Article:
Frequently Asked Questions

10 Things Swimming Parents Do That Coaches Can’t Stand

A close friend and one of the giants of world swimming coaching has a saying:

“My idea of coaching heaven is to have a ten lane, world-class swimming facility, with a fully equipped, professional quality gymnasium and a state of the art recovery centre built right alongside the world’s biggest orphanage.”

Why would someone with Olympic Gold medal, world record and world championship level coaching credentials feel so strongly about the challenges of working with swimming parents?

It should be relatively straightforward: coaches coach; swimmers swim, parents parent. Not that all that complicated really. This is not a thesis on thermodynamics – it’s just three groups of people working together to achieve a common goal – to help a swimmer realise their full potential.

So why is it that so many coaches will tell you that their biggest problem – the greatest challenge they face – is not finding pool space or identifying talented swimmers or battling bad weather or being able to buy the latest and greatest swimming training equipment: it’s working with difficult and sometimes destructive swimming parents?

Maybe this might explain it:

10 Things Swimming Parents Do That Coaches Can’t Stand

1. Doing it all for their kids.

Confidence is the essential ingredient in all great swimming success stories. Confidence comes from knowing: i.e. knowing you can do it. Swimming parents think they’re helping by doing all the little things for their kids but the parents who pack their child’s swimming bag, empty it for them, make their breakfast, carry their swim gear, fill their water bottles etc. are doing the exact opposite. They are creating dependent swimmers – instead of independent young people and that’s not going to result in developing teenagers who possess a strong sense of confidence, self-belief, resilience and self-reliance.

2. Insist on coaching their kids in technical areas.

Coaches coach. Parents parent. That’s it. It’s that simple. Coaches help swimmers develop things like physical skills, technical skills, turns, dives, starts, finishes, kicking, pulling – all that stuff. Swimming parents help their children learn values and virtues and help their children to develop the positive character traits that will sustain them throughout their lives. If everyone stays focused on doing their job well – everyone wins – particularly the swimmer.

3. Listen to other parents talk about technical issues.

Swimming parents listening to other swimming parents about technical issues really annoys coaches. For example: “My friend, Susie, whose child swims at another program told me that they do a lot more breaststroke than we do. Can we start doing a lot more breaststroke?” Coaches spend years learning how to write programs, how to enhance swimming skills, how to improve stroke technique and how to build an effective training environment. Unless “Susie” has the same skills, experience, knowledge and commitment to coaching, it is unlikely her opinions on technical matters are as valid as the coaches. Sitting on the side of another pool, watching training from a distance (and let’s face it – parents only really watch their own child anyway), then making assumptions to apply to all swimmers at all pools is so ludicrous it is incredible that it happens at all. Yet – for some reason – some swimming parents find it necessary to listen to the views of people who have no idea what they’re talking about rather than have faith and trust in their child’s highly trained and experienced professional coach.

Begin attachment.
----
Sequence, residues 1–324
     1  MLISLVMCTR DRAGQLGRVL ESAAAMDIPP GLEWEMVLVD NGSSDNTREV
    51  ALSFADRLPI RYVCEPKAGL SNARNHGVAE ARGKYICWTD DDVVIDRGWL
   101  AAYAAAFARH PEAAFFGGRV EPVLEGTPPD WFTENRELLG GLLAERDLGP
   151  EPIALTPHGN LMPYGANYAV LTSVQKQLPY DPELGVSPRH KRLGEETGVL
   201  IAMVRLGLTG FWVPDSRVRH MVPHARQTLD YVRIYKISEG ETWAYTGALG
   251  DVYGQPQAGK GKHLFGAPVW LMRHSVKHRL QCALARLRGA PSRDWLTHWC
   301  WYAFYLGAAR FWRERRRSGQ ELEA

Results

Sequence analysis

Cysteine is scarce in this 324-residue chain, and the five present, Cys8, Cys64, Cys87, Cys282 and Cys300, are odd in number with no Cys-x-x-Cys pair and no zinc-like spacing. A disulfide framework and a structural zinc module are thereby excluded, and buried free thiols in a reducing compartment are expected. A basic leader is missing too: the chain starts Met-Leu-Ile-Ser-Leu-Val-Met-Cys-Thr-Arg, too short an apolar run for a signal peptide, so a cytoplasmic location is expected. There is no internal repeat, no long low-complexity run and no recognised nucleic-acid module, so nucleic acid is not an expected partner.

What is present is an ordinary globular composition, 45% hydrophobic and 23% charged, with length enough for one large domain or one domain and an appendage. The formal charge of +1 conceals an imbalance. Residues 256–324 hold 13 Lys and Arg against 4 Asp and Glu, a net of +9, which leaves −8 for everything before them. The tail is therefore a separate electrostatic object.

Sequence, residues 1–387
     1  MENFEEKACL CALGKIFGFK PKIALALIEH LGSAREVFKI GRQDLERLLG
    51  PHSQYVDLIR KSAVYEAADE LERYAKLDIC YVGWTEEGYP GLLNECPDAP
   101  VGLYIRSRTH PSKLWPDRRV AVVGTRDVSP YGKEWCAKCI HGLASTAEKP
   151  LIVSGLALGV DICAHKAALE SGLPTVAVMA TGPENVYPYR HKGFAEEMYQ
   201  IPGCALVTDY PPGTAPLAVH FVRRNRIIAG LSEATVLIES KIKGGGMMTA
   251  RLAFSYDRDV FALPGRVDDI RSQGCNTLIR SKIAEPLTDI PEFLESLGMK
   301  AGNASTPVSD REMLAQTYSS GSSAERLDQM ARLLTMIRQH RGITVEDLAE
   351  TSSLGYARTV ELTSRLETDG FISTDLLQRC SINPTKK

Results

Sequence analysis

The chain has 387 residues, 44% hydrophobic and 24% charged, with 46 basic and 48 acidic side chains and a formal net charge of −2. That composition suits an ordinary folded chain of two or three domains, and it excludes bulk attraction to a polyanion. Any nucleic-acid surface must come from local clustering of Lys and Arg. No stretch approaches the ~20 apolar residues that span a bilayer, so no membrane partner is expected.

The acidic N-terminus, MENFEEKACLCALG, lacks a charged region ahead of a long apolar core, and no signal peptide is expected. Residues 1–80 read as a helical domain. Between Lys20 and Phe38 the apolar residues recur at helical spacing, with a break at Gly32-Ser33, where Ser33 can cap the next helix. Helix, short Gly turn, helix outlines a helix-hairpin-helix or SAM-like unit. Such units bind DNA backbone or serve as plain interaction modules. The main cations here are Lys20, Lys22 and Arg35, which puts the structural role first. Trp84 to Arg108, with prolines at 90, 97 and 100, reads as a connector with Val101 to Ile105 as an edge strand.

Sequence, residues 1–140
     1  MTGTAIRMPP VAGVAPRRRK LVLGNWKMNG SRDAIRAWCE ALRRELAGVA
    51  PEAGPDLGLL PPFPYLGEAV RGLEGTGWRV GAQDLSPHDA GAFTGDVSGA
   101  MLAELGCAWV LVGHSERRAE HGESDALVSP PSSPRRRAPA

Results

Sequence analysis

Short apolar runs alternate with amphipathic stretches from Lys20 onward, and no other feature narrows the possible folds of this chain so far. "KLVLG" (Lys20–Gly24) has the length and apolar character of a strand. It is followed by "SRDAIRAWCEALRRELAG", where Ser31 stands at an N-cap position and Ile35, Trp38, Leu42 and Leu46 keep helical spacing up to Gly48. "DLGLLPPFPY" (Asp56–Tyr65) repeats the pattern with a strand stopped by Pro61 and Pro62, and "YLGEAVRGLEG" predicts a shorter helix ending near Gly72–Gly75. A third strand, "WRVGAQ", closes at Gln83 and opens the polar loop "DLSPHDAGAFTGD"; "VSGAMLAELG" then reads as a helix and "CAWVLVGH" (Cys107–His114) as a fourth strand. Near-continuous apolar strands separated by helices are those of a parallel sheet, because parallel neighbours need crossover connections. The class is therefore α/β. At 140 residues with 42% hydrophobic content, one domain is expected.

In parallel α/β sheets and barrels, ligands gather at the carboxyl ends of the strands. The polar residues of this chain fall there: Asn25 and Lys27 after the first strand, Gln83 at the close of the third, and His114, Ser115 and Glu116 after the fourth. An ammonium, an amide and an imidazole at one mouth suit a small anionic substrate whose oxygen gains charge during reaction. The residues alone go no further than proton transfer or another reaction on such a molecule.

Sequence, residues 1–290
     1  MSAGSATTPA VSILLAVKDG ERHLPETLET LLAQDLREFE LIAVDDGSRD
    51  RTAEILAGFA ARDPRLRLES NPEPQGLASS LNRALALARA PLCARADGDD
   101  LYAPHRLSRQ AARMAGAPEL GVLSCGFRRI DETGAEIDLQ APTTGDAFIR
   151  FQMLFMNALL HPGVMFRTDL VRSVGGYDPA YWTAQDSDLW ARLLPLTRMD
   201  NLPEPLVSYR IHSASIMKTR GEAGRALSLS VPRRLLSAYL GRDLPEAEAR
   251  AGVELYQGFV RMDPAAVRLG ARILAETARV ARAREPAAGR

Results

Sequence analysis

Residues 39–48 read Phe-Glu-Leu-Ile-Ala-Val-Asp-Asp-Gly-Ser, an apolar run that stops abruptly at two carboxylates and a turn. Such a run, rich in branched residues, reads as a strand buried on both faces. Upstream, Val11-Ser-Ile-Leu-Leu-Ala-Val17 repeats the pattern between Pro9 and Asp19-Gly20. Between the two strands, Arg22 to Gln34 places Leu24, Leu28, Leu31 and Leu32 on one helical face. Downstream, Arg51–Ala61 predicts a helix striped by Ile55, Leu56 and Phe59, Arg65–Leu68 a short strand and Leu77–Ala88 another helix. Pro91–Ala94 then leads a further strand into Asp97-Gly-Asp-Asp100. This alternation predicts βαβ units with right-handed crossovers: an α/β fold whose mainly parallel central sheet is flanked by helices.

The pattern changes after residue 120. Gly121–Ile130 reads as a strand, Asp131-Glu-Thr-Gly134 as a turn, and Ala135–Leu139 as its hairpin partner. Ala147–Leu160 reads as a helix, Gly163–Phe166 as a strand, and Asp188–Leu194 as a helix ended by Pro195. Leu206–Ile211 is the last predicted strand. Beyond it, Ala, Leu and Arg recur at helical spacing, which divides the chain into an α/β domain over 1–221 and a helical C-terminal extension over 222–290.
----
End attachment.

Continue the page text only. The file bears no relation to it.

4. Gossip.

Want to know why swimming parents are banned from so many pools around the world – Gossip. Coaches hate those little groups of swimming parents who sit together comparing “John’s freestyle technique” to “Mary’s freestyle technique” and then criticise the coach because neither child swims as fast as Michael Phelps, even though they’re only six years old and train once a month. Got a problem with the coach – go to the source and talk to the coach – not to other swimming parents.

5. Talk swimming all the time to their kids.

We all love this sport. But it’s just a sport. There are movies, art, music, politics, literature, theatre, other sports, rest time, going to the beach, hiking, learning another language…..the world is full of millions of wonderful experiences and children need the opportunity to be exposed to as many of them as possible. There is no need to talk swimming all the time. All it will do it increase the likelihood that the child will walk away from the sport in their mid-teens and frankly – this “teenage retirement” syndrome is a worldwide swimming epidemic that we all have to work together and try to stop.

6. Expect PRs every time their child swims.

No one swims PRs every time they swim. No one. Re-read this line ten times. No one. Coaches cringe when swimming parents approach them saying “Steve didn’t do a PR in his butterfly today – what’s wrong? What’s the problem?” The child might have done a PR is seven other events, have done five football practices through the week and sat for four school exams but because they didn’t do a PR in one event, there’s a problem?! Trust in the coach to do his or her job.

7. Demand accelerated development.

Coaches design and develop their program structures with a lot of thought, research and experience behind it. This long-term development pathway concept has its roots in mainstream education. For example, children aged 5 are introduced to basic mathematics at school.  When they turn 8 years of age, they are exposed to long division. When they’re 15 they can do trigonometry, calculus and advanced geometry. Similarly, there’s a logical, purposeful process of developing athletes from learning to swim their first stroke to being able to win a national swimming title. Swimming parents who try to force coaches to push their kids ahead to the next level of development before they’re ready, are not helping the child (or the coach).